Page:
The Raytheon-built Joint Precision Approach and Landing Systems, or JPALS, is a GPS-based system that triangulates between an aircraft and pieces of hardware on a ship or landing zone to create a cyber link as far as 200 nautical miles out.
The shipboard software can interact with the plane to assist in landings and navigate through challenges that might render other aircraft unable to operate, such as severe weather or an environment in which communications are jammed.
JPALS capability is embedded in all three F-35 variants as part of the Joint Strike Fighter’s 3F software block, although the Air Force has not opted to pursue the capability for its F-35A conventional landing variant.
By 2018, the Navy plans to install JPALS hardware on two amphibious assault ships, the Essex and the Wasp, just in time for the ships to depart on ocean deployments with a contingent of F-35s aboard for the first time.
Meanwhile, Raytheon is eyeing its next potential customer.
“The Osprey, it’s in their requirements that they want to make that happen,” Bob Delorge, Raytheon’s vice president for Transportation and Support services, told Military.com in an interview here at the Paris Air Show on Tuesday. “It makes a lot of sense in terms of the Marines. We’re looking at where do you go now from an expeditionary point of view, how do you get that on board.”
The V-22 is unique among rotorcraft in that it can take off and land like a helicopter and fly like an airplane. But even if its landing capabilities give it more flexibility than tailhook aircraft when it comes to touching down on ships, the process can still be improved by adding the automation and linking that JPALS provides, Delorge said.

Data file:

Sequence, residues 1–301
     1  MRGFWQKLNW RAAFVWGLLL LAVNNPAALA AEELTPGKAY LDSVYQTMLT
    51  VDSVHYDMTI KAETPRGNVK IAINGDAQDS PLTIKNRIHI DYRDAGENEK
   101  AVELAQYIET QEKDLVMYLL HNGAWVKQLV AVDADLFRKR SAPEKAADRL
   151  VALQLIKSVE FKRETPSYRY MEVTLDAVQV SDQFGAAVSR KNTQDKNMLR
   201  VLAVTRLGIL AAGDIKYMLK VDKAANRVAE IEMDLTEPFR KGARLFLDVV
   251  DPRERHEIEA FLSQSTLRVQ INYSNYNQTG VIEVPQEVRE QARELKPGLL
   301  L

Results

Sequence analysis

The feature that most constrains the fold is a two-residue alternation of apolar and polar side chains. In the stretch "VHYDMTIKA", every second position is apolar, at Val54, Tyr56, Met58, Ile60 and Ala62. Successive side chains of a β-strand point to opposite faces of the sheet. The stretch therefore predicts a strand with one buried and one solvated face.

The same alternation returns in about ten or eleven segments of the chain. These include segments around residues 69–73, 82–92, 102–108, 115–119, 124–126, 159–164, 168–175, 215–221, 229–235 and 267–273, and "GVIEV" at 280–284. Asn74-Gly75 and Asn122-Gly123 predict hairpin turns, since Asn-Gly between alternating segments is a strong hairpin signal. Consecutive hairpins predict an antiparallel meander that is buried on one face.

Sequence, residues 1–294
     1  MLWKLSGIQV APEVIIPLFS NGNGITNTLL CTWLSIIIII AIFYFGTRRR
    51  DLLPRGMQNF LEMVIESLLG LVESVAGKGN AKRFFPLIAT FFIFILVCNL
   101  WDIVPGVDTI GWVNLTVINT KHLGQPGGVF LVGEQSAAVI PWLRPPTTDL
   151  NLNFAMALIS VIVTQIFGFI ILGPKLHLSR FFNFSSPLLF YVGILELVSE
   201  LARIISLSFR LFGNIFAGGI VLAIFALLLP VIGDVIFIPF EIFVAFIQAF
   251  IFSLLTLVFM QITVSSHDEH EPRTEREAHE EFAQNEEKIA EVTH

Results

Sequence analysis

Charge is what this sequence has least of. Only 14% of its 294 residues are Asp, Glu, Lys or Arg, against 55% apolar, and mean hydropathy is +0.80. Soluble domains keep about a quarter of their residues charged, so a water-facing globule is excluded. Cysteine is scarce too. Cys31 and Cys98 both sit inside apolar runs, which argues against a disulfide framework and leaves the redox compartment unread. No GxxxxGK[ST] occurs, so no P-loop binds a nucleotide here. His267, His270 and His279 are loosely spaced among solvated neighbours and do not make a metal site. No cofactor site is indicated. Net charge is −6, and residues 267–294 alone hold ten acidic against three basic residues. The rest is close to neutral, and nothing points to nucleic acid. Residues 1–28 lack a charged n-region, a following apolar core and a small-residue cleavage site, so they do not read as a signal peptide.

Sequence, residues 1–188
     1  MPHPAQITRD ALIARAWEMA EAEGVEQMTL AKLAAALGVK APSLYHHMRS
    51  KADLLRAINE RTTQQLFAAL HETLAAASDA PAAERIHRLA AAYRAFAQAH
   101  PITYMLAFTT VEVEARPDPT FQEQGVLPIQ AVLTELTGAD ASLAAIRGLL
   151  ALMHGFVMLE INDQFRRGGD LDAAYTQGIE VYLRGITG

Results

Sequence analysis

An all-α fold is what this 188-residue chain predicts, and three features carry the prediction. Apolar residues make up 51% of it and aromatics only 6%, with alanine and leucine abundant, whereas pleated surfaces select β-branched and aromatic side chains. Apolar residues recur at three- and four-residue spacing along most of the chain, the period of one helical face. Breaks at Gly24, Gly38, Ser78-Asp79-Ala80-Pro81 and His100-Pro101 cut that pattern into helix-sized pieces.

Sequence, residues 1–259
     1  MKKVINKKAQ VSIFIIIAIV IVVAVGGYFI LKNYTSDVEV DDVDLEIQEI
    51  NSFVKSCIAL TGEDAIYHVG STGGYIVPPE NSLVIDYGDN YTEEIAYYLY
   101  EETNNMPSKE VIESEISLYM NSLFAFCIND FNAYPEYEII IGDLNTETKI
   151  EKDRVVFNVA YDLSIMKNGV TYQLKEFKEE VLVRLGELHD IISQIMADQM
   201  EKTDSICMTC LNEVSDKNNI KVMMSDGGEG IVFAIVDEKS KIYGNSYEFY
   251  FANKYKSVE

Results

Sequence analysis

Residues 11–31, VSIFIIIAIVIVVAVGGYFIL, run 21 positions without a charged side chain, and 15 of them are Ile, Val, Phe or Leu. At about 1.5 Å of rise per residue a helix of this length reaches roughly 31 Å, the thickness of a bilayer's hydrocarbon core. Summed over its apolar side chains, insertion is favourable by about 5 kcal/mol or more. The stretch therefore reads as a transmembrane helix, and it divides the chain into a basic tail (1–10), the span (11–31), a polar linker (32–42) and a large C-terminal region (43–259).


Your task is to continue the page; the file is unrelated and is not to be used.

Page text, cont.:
“Helicopters still come in, they’re coming off the deck, same weather conditions and, typically, they’re coming off the deck and coasting over,” Delorge said. “And even though you say, ‘OK, it can coast in, it still can be pretty treacherous on a moving deck. We’re giving them the capability to effectively get to a point that’s 200 feet above the deck.”
To accommodate JPALS for Ospreys, which take off and land on amphibious ships, Delorge said Raytheon is working to shrink down the hardware the system requires. Today, that’s about four cabinets’ worth of computer equipment, plus dinner plate-sized GPS devices.
“You can probably shrink down to something smaller, try to get expeditionary with the Marines,” he said.
If the Marine Corps or the Navy pursues JPALS for Ospreys, fielding would still likely be years out, Delorge said. But the Osprey isn’t the only aircraft Raytheon has in its sights for JPALS. The company is also hoping to attract international buyers.
“The conversations that we have had with the Navy is, how do we now start thinking about international,” Delorge said. “When you talk to the captain, a big part of what he’s thinking through is interoperability. There are very few missions where the U.S. is operating by itself. As you put out F-35s, you want to ensure you have that interoperability.”